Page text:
How Reginald Lewis Changed Business Forever

Twenty-five years after the TLC Beatrice deal created the first black-owned billion-dollar business, African American entrepreneurs use its lessons to drive deal-making on a global level

TLC Beatrice founder Reginald F. Lewis

Reginald F. Lewis traveled a long distance during his life, though perhaps not in miles, a journey that took him from working-class Baltimore to the power centers of Wall Street. In 1987, he cracked the exclusive club of billion-dollar deal makers when his TLC Group bought the international division of Beatrice Foods for $985 million. It was then the largest-ever offshore leveraged buyout. TLC Beatrice emerged among the BE 100s in 1988 as the nation’s largest black-owned business. Its revenues of $1.8 billion roughly equaled those of the next 40 businesses on the list—combined.

Many thought of Lewis as a fascinating overnight success story. He wasn’t. He had prepared for the moment all his life: developing relationships, establishing his credibility, and mastering the art of the deal. He experienced false starts and encountered setbacks along the way. Yet, through it all, he stayed true to a favorite motto: “Keep going, no matter what.”

Lewis always kept going, and eventually made an indelible mark on business history. On this 25th anniversary of the Beatrice deal, Black Enterprise takes a look back at the pivotal moments in Lewis’s career, the play-by-play of the historic acquisition, and how he changed business forever.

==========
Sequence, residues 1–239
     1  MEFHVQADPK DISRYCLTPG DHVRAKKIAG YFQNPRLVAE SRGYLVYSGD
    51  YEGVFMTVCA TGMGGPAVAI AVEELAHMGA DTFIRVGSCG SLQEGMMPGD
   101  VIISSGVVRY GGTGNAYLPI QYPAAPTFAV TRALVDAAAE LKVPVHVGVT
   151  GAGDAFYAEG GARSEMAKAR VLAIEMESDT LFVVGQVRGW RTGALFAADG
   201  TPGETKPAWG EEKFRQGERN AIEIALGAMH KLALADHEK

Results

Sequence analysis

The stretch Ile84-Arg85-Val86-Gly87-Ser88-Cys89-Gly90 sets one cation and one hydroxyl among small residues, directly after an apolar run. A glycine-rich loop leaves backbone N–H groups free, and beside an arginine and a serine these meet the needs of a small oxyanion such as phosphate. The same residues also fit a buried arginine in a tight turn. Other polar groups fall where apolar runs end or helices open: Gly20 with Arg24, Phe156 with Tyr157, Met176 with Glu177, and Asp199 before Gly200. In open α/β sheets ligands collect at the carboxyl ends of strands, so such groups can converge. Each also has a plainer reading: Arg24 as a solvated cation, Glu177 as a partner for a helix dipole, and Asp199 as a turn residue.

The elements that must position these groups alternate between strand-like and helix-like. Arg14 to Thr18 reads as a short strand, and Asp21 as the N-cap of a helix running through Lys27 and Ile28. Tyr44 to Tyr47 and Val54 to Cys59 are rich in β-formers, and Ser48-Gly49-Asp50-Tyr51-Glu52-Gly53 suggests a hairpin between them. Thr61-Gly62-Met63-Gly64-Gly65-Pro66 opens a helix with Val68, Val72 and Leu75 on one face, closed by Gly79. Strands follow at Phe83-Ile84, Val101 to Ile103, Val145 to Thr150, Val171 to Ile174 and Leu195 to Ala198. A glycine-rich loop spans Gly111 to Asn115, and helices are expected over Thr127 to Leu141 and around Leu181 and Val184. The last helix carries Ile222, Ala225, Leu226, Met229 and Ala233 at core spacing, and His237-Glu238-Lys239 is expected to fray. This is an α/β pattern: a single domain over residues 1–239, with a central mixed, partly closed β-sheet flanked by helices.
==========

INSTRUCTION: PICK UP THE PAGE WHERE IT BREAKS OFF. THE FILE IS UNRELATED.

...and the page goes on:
Learning the Art of the Deal
Lewis always demonstrated a great work ethic and ambition. His drive led him from Baltimore to Virginia State University and then Harvard Law School. Armed with his degrees, he moved to New York City in 1968, joining the prominent law firm Paul, Weiss, Rifkind, Wharton & Garrison. After two years, Lewis was told he wasn’t going to make partner so he struck out on his own, eventually setting up a Wall Street law firm.

His decision to start Lewis & Clarkson coincided with the growth of Minority Enterprise Small Business Investment Cos., known as MESBICs, which directed a mix of private and public venture capital to minority entrepreneurs. It proved to be an attractive market for Lewis. “We cut our teeth on MESBIC deals,” says Charles Clarkson, Lewis’s longtime law partner. “They were often small, but we learned about things like financing, debt and equity instruments, and guarantees.”

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